Toxicity and Transfection Efficiency of New Non-Viral Delivery Systems for Small Non-Coding RNAs: Amphiphilic Poly(N-Vinylpyrrolidone) and Diethylaminoethyl-Dextran-Methacrylic Acid Methyl Ester Copolymer
Treatment with small regulatory nucleotides is a new strategy in modern medicine. However, administering naked nucleotides is challenging due to their rapid degradation by RNases within and outside of cells. Recently, many delivery systems for the transporting of nucleotides have been synthesized. Most of these systems have limitations. In some cases, these systems may be costly to produce; in other cases, they may be toxic, cause septicaemia or exhibit ineffective complex formation, rapid biodegradation, or a low index of intracellular entry. Thus, the need to synthesize of new effective, protective carriers for nucleotides is increasing. In this study, some of the properties of two polymeric systems for delivering the small non-coding RNAs miR-155 were compared. Cells were treated with amphiphilic poly(N-vinylpyrrolidone) (PNVP) and diethylaminoethyl-dextran-methacrylic acid methyl ester copolymer (DDMC), and their toxicities and transfection dynamics were compared using the MTT assay and analysis of the expression of the fluorescent protein mKate2, respectively. The optimal doses and ratios of nucleotides and polymeric carriers were chosen. The studied polymers effectively transfected cancer cells.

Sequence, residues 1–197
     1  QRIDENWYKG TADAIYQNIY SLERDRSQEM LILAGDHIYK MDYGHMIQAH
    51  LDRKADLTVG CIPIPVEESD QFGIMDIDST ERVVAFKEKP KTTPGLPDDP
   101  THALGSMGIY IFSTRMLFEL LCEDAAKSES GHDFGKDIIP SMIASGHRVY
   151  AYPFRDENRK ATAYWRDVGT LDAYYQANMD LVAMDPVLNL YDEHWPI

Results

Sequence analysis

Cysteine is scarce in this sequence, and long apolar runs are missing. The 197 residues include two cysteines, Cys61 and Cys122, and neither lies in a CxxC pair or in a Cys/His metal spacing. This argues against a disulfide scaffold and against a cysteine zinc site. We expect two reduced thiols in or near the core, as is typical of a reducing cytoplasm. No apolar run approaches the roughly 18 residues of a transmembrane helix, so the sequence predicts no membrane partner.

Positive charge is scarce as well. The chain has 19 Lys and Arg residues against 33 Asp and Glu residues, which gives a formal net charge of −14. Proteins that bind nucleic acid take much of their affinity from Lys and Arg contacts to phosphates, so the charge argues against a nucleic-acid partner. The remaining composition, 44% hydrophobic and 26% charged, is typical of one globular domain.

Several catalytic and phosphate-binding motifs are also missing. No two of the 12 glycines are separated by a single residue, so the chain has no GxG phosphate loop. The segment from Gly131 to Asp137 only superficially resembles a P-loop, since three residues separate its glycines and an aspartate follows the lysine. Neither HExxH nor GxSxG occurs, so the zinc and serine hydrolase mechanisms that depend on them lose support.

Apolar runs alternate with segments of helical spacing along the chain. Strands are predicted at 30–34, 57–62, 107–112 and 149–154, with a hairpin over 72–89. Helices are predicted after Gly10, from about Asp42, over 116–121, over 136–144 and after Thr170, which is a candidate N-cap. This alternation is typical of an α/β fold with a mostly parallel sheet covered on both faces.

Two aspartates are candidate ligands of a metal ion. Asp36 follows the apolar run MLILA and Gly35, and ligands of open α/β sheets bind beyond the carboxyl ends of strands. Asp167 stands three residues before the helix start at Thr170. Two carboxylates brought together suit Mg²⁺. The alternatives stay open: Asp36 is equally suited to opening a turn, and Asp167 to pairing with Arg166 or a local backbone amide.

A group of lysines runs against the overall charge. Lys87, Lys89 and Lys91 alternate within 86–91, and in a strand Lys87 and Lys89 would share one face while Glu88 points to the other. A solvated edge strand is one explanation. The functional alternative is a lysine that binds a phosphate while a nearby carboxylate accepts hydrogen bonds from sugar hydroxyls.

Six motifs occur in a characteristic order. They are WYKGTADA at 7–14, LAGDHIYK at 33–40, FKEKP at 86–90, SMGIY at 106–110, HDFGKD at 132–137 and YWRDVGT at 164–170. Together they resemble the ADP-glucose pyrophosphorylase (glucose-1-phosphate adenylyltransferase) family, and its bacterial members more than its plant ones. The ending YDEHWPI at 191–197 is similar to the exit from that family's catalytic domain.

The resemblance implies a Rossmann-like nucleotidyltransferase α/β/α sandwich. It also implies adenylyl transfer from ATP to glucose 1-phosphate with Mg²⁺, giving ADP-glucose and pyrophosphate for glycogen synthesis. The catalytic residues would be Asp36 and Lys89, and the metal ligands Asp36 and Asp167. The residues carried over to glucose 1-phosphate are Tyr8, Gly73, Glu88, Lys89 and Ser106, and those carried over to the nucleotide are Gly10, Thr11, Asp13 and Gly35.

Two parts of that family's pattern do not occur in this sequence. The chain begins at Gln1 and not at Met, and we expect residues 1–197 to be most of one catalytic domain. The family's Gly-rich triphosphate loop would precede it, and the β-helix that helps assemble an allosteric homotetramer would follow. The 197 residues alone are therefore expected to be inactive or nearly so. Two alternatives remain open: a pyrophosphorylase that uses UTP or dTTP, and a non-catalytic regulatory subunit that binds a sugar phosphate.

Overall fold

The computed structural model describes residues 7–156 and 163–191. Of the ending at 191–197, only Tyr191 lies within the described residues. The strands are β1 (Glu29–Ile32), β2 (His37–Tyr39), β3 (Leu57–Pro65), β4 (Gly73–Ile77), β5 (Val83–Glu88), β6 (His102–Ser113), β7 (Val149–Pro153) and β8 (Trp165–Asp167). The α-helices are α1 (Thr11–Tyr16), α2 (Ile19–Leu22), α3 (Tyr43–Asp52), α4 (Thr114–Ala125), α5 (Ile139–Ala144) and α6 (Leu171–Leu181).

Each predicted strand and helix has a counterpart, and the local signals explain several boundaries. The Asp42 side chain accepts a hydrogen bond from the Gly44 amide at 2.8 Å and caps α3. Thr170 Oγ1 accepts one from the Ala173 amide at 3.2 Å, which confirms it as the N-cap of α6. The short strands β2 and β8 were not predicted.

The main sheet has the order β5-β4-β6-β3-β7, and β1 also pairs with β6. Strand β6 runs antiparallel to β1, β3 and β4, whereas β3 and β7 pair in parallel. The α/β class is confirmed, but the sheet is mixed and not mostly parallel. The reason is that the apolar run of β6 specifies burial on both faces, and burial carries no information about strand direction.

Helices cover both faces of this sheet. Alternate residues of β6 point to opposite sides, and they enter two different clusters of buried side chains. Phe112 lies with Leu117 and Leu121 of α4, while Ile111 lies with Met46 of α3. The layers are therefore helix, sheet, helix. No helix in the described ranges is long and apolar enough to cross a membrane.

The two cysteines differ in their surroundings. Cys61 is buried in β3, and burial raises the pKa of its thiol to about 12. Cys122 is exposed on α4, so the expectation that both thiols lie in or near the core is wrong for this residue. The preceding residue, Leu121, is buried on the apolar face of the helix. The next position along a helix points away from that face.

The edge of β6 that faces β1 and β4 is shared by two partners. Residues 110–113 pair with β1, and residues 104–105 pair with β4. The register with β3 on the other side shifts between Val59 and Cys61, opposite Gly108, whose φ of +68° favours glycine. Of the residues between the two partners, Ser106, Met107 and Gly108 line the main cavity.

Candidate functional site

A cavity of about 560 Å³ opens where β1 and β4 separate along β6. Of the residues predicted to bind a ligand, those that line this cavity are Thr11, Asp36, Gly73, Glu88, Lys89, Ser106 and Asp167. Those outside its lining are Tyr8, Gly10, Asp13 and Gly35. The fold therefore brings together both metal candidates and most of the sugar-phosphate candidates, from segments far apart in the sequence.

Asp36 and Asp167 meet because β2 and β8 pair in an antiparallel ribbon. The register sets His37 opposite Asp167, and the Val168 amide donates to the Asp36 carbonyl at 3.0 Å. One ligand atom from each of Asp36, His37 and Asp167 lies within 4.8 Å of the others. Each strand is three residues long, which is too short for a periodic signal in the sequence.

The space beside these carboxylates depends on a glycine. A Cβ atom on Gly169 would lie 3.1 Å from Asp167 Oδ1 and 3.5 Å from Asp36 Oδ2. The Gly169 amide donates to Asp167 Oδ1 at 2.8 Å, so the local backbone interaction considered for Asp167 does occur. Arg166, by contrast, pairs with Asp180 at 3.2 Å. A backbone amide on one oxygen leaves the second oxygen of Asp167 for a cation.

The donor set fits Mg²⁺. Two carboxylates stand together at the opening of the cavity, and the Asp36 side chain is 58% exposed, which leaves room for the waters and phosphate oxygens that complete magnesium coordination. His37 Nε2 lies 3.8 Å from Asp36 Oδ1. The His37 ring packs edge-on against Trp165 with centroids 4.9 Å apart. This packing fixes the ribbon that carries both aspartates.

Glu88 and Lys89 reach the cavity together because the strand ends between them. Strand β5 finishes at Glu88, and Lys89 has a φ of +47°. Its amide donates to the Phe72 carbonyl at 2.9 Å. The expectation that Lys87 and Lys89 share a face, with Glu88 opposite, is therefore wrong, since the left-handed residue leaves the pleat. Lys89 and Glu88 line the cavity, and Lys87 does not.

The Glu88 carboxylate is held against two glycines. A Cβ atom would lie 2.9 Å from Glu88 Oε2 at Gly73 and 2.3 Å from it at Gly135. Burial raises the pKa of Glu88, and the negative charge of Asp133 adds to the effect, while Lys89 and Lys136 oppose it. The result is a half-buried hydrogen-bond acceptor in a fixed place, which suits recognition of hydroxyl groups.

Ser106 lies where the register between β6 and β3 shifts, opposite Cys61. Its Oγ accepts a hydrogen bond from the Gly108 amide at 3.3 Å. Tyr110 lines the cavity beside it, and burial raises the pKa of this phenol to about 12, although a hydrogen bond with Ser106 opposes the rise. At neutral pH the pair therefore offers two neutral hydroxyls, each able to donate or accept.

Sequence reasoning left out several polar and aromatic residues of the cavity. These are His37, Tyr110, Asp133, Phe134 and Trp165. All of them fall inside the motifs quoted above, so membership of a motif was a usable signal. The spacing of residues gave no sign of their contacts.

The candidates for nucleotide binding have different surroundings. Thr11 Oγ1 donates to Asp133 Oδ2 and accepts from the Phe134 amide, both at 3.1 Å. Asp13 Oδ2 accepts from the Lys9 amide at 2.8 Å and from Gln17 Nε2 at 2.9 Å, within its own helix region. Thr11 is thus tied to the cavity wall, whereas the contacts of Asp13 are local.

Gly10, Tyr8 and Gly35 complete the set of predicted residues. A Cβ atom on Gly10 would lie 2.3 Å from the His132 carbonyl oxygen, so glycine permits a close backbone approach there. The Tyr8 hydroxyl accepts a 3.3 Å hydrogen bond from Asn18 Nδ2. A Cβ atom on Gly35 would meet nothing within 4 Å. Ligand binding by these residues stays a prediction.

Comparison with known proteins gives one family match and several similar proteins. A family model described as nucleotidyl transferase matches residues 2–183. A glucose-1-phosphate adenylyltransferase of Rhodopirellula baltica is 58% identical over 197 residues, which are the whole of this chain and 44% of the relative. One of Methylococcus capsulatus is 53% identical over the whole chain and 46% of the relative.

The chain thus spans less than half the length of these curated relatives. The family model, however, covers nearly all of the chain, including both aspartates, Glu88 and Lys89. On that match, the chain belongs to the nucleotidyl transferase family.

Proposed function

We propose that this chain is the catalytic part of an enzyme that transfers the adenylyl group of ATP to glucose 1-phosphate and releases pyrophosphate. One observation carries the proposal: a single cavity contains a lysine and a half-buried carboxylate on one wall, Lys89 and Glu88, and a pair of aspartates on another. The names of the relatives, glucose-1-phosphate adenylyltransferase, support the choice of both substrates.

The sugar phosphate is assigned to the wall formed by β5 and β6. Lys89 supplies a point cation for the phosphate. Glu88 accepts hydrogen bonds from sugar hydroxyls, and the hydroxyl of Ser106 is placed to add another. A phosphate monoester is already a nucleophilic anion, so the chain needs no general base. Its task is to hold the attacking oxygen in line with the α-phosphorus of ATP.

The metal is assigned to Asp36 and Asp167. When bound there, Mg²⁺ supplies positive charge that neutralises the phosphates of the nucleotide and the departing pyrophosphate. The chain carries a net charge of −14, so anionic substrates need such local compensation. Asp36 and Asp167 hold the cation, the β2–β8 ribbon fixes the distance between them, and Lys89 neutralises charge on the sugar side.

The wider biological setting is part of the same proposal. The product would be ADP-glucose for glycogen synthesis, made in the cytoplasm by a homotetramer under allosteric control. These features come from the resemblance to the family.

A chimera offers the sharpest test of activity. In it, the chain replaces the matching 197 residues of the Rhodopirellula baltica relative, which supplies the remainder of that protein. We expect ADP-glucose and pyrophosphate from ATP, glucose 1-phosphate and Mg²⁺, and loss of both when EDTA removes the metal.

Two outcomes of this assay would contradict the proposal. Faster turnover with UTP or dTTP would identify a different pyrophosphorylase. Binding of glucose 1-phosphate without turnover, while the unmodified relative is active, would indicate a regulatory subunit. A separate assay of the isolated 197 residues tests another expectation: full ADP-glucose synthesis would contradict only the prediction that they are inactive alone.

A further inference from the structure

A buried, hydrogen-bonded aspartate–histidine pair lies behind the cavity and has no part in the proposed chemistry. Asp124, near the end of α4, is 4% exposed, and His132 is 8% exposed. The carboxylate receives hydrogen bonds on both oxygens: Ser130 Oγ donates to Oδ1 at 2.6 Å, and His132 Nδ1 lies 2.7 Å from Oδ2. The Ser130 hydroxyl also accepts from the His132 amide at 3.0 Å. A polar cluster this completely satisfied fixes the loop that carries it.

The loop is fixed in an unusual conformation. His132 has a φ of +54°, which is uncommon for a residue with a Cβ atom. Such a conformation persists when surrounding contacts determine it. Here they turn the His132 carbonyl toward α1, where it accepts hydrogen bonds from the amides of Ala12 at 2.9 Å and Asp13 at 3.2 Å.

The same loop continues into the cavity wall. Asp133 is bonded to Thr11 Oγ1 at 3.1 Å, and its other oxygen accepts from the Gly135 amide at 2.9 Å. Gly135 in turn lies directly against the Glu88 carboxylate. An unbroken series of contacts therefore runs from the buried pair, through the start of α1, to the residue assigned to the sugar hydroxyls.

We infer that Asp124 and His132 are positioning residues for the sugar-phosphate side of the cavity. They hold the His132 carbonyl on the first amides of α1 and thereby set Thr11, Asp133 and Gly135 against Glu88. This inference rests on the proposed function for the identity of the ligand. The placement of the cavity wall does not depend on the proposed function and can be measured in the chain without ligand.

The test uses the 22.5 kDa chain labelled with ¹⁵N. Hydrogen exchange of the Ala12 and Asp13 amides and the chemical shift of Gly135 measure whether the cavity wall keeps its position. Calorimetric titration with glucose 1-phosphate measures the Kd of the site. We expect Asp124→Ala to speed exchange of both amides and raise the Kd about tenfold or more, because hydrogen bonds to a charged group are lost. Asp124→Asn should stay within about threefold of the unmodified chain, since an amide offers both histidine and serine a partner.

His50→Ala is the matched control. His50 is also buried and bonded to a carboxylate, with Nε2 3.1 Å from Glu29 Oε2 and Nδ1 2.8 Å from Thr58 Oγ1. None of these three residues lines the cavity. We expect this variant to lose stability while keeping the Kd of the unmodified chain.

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Document Type: Research Article
Publication date: 2017-05-01
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